NHS Workers Reach Breaking Point As Some Hospitals Enter Disaster Mode


NHS staff say they have reached breaking point as hospitals across England reach record numbers, while working with less staff. According to reports, an increasing number of hospitals are declaring they are in crisis with Essex, and particularly London, extremely bad.

Many NHS hospitals are old buildings which have not been built to deliver oxygen on such a large scale. This is leaving some hospitals short in supply and forcing them choose between patient’s urgencies.

A highly infectious new strain of COVID is sweeping across the country with infection rates rocketing in London and the South East. The Royal London Hospital is said to be in “disaster medicine mode” as rising numbers of COVID-19 patients leave them unable to provide high standard critical care.

Dr Julia Grace Patterson wrote on Twitter that the UK’s busiest hospital had sent an email to notify staff of the dire situation. The leaked email revealed that there is only one available nurse per three COVID patients treated in intensive care.

The founder of NHS campaign group Every Doctor UK shared: “From the Royal London Hospital, this email from management: ‘We are now in disaster medicine mode. We are no longer providing high standard critical care because we cannot’. The content of this email is SHOCKING.”

In the days previous, bosses at the London hospital had been urged to declare a major incident by senior medics. The staff were at breaking point, as the number of coronavirus patients tripled in just five days. 200 patients attended Christmas Eve, with that number rising to 638 by Tuesday.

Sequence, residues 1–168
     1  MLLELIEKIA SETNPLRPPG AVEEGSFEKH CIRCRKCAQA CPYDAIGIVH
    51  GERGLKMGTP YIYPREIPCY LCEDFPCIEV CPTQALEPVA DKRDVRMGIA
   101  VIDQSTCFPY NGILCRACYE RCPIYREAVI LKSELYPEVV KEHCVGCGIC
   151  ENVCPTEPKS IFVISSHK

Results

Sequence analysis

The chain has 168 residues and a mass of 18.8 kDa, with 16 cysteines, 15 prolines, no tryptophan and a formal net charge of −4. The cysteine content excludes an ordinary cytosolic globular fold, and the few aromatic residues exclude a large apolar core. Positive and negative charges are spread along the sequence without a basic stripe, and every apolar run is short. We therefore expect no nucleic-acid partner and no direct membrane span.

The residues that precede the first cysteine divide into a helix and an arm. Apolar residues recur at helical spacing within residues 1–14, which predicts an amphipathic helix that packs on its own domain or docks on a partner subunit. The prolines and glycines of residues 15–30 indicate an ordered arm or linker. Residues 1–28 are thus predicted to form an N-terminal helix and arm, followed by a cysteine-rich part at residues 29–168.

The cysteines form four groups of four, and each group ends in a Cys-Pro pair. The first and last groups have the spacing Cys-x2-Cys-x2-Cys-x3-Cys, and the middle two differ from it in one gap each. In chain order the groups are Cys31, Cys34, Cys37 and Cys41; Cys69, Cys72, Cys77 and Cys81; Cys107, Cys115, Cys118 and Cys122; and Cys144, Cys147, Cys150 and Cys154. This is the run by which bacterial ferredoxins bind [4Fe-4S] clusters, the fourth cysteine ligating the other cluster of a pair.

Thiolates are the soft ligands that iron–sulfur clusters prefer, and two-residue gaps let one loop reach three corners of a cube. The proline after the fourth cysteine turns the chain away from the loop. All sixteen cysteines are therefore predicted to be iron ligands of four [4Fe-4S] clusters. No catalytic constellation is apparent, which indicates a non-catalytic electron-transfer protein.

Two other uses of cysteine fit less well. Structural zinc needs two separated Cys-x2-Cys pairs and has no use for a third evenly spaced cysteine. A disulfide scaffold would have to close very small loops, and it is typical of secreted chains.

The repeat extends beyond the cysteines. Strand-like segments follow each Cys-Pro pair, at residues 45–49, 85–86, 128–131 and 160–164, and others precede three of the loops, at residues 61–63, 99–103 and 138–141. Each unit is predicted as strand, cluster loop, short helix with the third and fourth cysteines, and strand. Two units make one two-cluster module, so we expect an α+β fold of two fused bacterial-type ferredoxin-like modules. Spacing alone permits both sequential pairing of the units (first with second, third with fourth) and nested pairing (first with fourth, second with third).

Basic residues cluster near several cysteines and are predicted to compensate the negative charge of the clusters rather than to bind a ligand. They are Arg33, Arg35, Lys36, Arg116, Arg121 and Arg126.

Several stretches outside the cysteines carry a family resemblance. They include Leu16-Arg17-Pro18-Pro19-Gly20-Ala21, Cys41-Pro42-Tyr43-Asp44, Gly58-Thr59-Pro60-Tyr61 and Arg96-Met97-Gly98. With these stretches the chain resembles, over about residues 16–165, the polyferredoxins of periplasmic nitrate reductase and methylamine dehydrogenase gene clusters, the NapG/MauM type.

The government revealed yesterday that a further 964 people had died within 28 days of testing positive. That brings the total number of UK COVID deaths to 73,512, with hospitals surpassing admissions beyond the April peak.

Official figures show NHS intensive care wards are busier now than they were last year, even with over 700 extra beds. With a rise in admissions of patients catching COVID over the Christmas break, there is an increasing number of hospitals declaring they are in a crisis.

Dwindling oxygen supplies are heaping on the pressure and NHS chiefs say staff absence doubled because of illness and self-isolation. Some hospitals are in desperate need of nurses to return early from Christmas holidays and further time off in January is now banned by some trusts.

Footage on social media revealed that queues of ambulances were lined up outside the Royal London Hospital and Queen’s Hospital in Romford, both in east London. There were also reports of delays at NHS hospitals in East Anglia, South Wales and Birmingham.

Doctor Punith Kempegowda tweeted: “Just getting out of a&e after another loooooooong day. Almost all these ambulances are waiting with patients inside them for more than 3 hours because there’s no place in hospital to bring them in.”

An Essex trust called in the army and declared a “major incident” at its six hospitals yesterday, allowing them to move patients elsewhere, speed up discharging, call in extra staff as well as cancel non-emergency care and operations. The steps in which the government will take assist the NHS and help hospitals in the county will be set out by the Department for Health and Social Care.